In the days that followed I continued to watch and marveled as so many people of color made their presence known at the Outdoor Retailer Show, some for the first time. Ambreen Tariq, a self described “proud SouthAsian Muslim American” is the founder of Brown People Camping and a member of the Merrell Footwear ambassador team. “It was such a profound experience for me to meet in person so many advocates and allies I’ve come to know digitally for the varied and incredible work they’re doing to further our movement of outdoors diversity,” she wrote to me on Instagram. “It felt like a family reunion for family members who were meeting each other for the first time. It was powerful and inspirational to say the least.”
The shared experience of breaking barriers was inspiring to see. Along with Ambreen on the Merrell team are ultra-runner Mirna Valerio, AKA “The Mirnavator”, and Jenny Brusso the founder of Unlikely Hikers. Their work to encourage women of varying body types to venture out into the natural world is helping to normalize the presence of all kinds of people in the outdoors. Many different events at OR this year expanded the horizons of attendees who may have in the past found it difficult to find their place in this very complex and often intimidating environment.
“For me attending Spark 2020 and Pitchfest (by Camber Outdoors) on Sunday changed the way I viewed OR,” said Bethany Lebewitz, founder of Brown Girls Climb. Program offerings that welcomed the professional participation of people from all backgrounds across the cultural spectrum helped her feel far more comfortable and welcome at OR than ever before. “I walked into the space on Monday greeted by Ayesha McGowan on the cover of Outside and I was embraced by friends from across the US who are using their creativity to plant seeds into some of the most critical points in the industry,” Bethany said. “For me, these two events transformed how I saw myself amongst this crowd. I am not just a spectator or a spectacle. I’m here because I own a business. We possess agency and ingenuity and our ideas can shape the way the industry develops. We (Brown Girls Climb) plan on being a big part of that formation and I hope others are encouraged to do the same.”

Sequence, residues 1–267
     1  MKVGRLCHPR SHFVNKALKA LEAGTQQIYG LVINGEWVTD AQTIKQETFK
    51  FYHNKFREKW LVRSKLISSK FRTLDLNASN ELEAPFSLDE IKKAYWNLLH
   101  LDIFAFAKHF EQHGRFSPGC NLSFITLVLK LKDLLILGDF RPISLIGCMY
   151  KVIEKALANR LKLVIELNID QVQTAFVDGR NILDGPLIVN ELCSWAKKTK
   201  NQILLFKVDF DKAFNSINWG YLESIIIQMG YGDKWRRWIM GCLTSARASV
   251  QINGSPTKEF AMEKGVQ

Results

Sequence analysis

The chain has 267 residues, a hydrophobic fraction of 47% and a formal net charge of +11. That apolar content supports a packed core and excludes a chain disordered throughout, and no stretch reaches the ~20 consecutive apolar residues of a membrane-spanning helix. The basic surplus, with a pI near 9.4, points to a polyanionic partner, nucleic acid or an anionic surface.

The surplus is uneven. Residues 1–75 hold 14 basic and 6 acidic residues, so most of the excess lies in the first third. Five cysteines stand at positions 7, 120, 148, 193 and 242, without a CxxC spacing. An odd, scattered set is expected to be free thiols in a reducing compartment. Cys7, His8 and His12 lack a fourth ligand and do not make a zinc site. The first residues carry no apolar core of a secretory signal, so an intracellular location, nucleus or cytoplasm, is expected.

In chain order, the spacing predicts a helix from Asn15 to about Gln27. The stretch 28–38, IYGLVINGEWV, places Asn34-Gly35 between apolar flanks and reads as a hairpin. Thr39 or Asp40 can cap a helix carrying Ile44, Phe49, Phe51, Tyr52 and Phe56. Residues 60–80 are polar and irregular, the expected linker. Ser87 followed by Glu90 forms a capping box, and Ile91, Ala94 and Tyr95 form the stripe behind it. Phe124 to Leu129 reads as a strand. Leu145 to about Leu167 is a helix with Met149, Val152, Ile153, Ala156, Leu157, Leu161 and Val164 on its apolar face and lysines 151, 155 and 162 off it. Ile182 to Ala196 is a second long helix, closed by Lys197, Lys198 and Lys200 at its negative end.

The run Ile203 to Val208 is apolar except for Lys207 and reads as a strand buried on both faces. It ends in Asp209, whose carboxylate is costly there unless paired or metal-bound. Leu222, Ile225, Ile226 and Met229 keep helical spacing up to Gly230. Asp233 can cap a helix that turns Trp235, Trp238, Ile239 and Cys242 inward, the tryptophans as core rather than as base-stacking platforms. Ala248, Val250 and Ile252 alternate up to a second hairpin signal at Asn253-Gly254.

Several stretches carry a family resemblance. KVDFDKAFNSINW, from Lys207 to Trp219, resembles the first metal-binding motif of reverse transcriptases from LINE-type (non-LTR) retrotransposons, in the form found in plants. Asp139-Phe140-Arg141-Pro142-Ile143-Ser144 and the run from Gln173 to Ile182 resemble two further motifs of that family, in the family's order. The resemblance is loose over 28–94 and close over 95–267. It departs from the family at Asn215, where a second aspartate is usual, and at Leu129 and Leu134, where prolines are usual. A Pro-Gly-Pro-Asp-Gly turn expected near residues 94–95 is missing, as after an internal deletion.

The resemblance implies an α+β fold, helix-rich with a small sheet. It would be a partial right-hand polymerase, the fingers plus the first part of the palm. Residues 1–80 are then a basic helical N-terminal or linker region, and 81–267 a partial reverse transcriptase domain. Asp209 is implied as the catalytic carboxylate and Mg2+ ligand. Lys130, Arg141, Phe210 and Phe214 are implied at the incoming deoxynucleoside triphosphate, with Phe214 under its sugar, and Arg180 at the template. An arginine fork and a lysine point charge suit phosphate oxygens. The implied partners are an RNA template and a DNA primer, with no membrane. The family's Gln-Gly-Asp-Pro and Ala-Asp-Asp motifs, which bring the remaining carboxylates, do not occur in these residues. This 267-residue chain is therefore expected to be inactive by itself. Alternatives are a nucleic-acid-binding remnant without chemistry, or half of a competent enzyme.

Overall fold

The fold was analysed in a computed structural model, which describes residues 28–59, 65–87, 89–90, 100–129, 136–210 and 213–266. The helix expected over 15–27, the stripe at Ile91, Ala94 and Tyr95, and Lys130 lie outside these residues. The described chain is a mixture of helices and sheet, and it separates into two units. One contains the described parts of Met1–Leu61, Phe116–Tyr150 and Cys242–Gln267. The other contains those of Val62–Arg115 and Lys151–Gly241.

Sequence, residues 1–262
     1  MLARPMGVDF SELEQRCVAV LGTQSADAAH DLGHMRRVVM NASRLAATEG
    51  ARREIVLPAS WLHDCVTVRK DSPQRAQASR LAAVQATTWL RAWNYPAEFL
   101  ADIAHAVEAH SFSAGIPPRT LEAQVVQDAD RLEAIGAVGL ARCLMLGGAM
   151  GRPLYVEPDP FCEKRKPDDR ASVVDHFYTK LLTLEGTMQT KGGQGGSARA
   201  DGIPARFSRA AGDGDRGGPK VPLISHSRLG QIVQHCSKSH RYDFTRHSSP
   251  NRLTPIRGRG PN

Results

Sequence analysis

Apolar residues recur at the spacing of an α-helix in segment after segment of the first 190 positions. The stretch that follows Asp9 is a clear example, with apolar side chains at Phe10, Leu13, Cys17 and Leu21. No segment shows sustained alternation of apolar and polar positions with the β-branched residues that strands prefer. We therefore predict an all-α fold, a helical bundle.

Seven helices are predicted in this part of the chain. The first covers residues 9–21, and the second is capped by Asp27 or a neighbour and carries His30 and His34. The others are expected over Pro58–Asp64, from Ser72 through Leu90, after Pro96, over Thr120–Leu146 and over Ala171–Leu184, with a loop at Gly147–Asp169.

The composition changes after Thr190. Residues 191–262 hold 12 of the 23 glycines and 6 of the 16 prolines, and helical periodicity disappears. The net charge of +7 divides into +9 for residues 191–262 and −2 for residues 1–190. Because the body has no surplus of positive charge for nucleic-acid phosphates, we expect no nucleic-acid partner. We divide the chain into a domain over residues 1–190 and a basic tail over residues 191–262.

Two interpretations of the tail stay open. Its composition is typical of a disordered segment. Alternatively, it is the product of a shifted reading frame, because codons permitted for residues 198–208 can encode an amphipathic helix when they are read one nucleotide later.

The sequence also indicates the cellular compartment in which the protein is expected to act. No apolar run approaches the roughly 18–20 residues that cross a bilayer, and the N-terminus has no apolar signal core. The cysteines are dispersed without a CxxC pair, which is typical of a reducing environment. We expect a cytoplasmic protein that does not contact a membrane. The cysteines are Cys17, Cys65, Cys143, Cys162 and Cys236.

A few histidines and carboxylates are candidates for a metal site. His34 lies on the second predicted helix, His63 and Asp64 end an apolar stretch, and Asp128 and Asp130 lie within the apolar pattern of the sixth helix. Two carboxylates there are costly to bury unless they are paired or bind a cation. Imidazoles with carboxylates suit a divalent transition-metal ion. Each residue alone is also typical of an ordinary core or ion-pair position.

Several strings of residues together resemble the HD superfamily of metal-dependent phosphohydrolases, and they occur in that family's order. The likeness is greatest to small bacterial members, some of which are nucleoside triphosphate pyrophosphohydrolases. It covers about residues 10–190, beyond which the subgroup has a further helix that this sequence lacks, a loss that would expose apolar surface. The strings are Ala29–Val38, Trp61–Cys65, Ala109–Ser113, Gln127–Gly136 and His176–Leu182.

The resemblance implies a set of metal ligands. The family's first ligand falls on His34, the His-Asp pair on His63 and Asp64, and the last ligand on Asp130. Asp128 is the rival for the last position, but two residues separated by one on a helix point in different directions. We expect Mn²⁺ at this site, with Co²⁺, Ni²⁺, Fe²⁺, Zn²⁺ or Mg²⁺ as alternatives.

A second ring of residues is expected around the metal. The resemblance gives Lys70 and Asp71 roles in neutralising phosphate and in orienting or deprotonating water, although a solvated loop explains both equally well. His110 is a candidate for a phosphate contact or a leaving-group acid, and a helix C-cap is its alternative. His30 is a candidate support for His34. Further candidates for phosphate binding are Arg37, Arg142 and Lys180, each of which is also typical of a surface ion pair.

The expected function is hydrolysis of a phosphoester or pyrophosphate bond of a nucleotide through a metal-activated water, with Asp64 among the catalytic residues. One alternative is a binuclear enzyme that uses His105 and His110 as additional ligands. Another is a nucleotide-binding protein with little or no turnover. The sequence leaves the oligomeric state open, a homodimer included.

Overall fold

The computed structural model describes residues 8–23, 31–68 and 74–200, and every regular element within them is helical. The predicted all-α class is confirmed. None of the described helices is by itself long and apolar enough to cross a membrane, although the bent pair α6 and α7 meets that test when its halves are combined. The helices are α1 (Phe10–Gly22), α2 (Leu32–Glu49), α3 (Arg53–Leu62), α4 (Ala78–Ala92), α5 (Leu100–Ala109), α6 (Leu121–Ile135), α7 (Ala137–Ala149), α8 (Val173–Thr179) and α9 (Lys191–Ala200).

That sense of support and encouragement seemed to resonate throughout every corner of the convention center. On Day 2 I had the pleasure of moderating a panel discussion at the North Face booth on the first all Black American team of climbers to summit Africa’s highest peak, Mount Kilimanjaro. With teammates Chaya Harris and Leandra Taylor we discussed the preparation and the purpose behind this remarkable achievement. Unfortunately the third member of the panel Brittany Leavitt was unable to participate because she was stuck in transit while changing planes at O’Hare Airport in Chicago. She had to watch the conversation over Facebook Live. Yet Brittany was still greatly inspired by the words of her fellow climbers. “We see these types of panels all the time major mountaineers telling their stories, which can tend to be unrelatable or the goal seems so far out of reach,” she said afterward. “Having the team tell their stories from the high and lows really showed everyone that they could explore this mountain. We don’t really call ourselves mountaineers. Just people who like to climb mountains.”